How to Cook for Friends with Alternative Diets

Paleo, vegetarian, vegan – you got this.

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When I was in college, I lived in a women’s co-op for two years. Along with weekly meetings and chores, the by-laws of the house required its members to cook dinner for the entire house about twice a month. 

A lot of girls chose to live in the house because it was off the college’s meal plan and they could cook their own food, so many of my housemates had limited diets or food allergies. While I lived there, I cooked meals for vegetarians, vegans, girls on paleo diets, and ladies with all sorts of food allergies and intolerances

There was a pretty steep learning curve at first (There’s gluten in soy sauce? Honey isn’t vegan?) but cooking for my housemates and learning about alternative diets has helped me in my adult years. Now I can cook for nearly anyone who walks through my door, and I now make smarter choices about the food I eat myself. 

Whether you’re inviting your vegan co-worker to a spring BBQ, cooking a romantic dinner for your date who’s on a paleo diet, or planning a girl’s night in with your gluten-free roommate, having some basic knowledge (and a couple of recipes) in your back pocket can help you accommodate your loved one’s dietary needs. Here are some tips:

Cooking for Vegetarians

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Before the husdude and I started our Whole30, we ate mostly vegetarian (we considered ourselves flexitarian, but that’s neither here nor there). Vegetarianism comes in many forms, but it mostly means that a person doesn’t eat any meat products. If you may be cooking for a vegetarian, ask them what they will and won’t eat – some vegetarians eat dairy and eggs, others may be okay with eating fish. 

When looking for vegetarian recipes, seek out sources of protein other than meat, like soy products (tofu, tempeh, and edamame), beans, nuts, and cheeses (if your veggie friend eats cheese – and watch out for cheeses made with rennet, an animal by-product). If you’re uncertain if a product like a cheese or condiment is vegetarian, be sure to read your labels! Some products will marked as vegetarian, but skimming the ingredients list just to be sure won’t hurt.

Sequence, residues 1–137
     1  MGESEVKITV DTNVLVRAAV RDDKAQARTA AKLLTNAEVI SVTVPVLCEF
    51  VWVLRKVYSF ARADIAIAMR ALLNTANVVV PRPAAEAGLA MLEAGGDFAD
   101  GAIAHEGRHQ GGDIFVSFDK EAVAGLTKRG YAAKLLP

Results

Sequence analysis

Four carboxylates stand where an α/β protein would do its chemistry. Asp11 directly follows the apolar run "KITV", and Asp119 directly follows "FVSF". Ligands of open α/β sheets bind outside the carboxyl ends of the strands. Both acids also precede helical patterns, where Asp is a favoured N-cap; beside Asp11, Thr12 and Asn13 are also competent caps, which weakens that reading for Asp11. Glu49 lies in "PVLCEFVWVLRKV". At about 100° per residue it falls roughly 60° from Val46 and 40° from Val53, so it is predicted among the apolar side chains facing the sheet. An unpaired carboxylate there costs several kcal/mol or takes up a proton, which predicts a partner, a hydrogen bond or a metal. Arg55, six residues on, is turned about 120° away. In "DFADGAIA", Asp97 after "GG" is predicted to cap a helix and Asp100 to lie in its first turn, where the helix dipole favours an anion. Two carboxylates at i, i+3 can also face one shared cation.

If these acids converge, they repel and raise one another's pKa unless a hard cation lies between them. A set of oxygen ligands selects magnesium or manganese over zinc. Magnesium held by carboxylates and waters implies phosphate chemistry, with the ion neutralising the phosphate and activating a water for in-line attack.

Vegetarian Recipe Ideas:

Cooking for Vegans

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Veganism is a branch of vegetarianism, and vegans do not eat any animal products at all, including dairy products, eggs, and honey. Some vegans are flexible with products like honey, so again, it’s always good to ask your friend what they will and will not eat. 

When looking for vegan recipes, it’s easiest to look for recipes that are specifically labeled vegan. That said, most vegetarian recipes can be made vegan by omitting or swapping out ingredients, like honey for agave, or omitting cheese. Be wary of sauces and condiments: some, like fish sauce, are clearly not vegan, but others, like Worchestershire (which contains anchovies) and barbecue sauce (which may contain honey) are less obvious. When in doubt, again, check your labels!

Vegan Recipe Ideas:

Cooking for Friends Who Are Gluten-Free

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Your friends with Celiac disease, gluten-intolerances, or who are just on gluten-free diets, cannot eat anything with gluten, which is the elastic protein that holds baked goods made from wheat, barley, or rye together. This means that most traditional forms of bread, pasta, and most baked goods are out. 

The good news is, your friends can still eat other grains, like rice and quinoa, and other types of noodles, like all-buckwheat soba noodles and rice noodles. (Again – read your labels! Seeing a trend here?) You can make creative substitutions for your favorite pasta dishes with gluten-free pasta, too, if you’re willing to spend a little more. And, again, be careful with condiments – traditional soy sauce, for one, often has gluten, so opt for gluten-free tamari.

Gluten-Free Recipe Ideas:

Cooking for Friends on Paleo Diets

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Folks on paleo diets (or similar clean-eating diets like the Whole30) only eat meat, veggies, fruits, nuts, seeds, and certain kinds of oils. That means that they can’t eat most grains, like bread, pasta, and rice, they can’t eat dairy, and they can’t have any added sugar. 

While this diet is preeeetttyy restrictive, there are tons of recipes out there that are paleo or can be made paleo-compliant with a few substitutions or omissions. Salads with a simple protein are always a safe bet. If you’re uncertain, ask your paleo friends what they generally eat and can’t eat and run the recipes by them beforehand, if possible. 

Paleo Recipe Ideas:

What do you think? 

Do you have any friends on an alternative diet? Are you on an alternative diet? What are your go-to recipes when you’re cooking for anyone with a restrictive diet? Let me know in the comments below!

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